US President to Discuss Tibet with Hu Jintao

Dharamshala: The United States President George W Bush will discuss human rights issues in Tibet and the ongoing discussions between the envoys of His Holiness the Dalai Lama and the Chinese leadership during his meeting with Chinese president Hu Jintao in Peru.

President George W. Bush and His Holiness the Dalai Lama share a laugh Wednesday, 17 Oct. 2007, during the ceremony at the U.S. Capitol in Washington, D.C., for the presentation of the Congressional Gold Medal to His Holiness the Dalai Lama. White House photo by Chris Greenberg

President Bush is heading to Lima on Friday to attend Asia-Pacific Economic Cooperation (APEC) summit scheduled on 22 and 23 November.

“The president will discuss issues of human rights and religious freedom, including the ongoing dialogue between Beijing and the Dalai Lama” on the spiritual leader’s homeland of Tibet, said White House spokesman Gordon Johndroe.

President Bush, political leaders and the people of America have been steadfast in raising their voice in the call for religious liberty and basic human rights for the people of Tibet.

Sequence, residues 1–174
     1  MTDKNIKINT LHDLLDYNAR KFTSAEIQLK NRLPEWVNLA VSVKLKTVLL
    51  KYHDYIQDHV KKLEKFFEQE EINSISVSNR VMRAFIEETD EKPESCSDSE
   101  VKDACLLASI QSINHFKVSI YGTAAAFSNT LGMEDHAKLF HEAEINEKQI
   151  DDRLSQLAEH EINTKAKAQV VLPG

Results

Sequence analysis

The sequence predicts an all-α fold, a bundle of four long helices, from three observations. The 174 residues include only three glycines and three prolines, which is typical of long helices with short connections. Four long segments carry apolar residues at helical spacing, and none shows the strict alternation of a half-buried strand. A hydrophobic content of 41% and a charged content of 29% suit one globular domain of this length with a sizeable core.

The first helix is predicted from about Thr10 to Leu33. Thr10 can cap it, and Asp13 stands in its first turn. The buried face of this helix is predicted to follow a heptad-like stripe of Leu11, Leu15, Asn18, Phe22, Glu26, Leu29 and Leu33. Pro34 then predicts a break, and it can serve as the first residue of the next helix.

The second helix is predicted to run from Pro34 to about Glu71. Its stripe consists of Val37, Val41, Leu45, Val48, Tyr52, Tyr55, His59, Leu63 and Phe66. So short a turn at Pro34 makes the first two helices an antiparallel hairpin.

“Americans cannot look to the plight of the religiously oppressed and close our eyes or turn away. And that is why I will continue to urge the leaders of China to welcome the Dalai Lama to China. They will find this good man to be a man of peace and reconciliation,” Bush said while honouring His Holiness the Dalai Lama with the US Congressional Gold medal on 17 October last year.

“Throughout our history, we have stood proudly with those who offer a message of hope and freedom to the world’s downtrodden and oppressed. This is why all of us are drawn to a noble and spiritual leader who lives a world away. Today we honor him as a universal symbol of peace and tolerance, a shepherd for the faithful, and the keeper of the flame for his people,” he said.

In his talks with Hu, Bush also expects to discuss Iran’s suspect nuclear program, turmoil in Zimbabwe and Sudan, pressure on Burma’s military rulers to enact democratic reforms, and Beijing’s uneven rights record, said Johndroe.

Bush’s top goal was for some of the 21 APEC members to sign on to the Group of 20’s statement of principles for tackling the worldwide economic crisis, as approved in November 14-15 talks in Washington, a top aide said.

APEC comprises of the US, Australia, Brunei, Canada, Chile, China, Hong Kong, Indonesia, Japan, Malaysia, Mexico, New Zealand, Papua New Guinea, Peru, the Philippines, Russia, Singapore, South Korea, Taiwan, Thailand and Vietnam.

(Editor:Lobsang Choedak)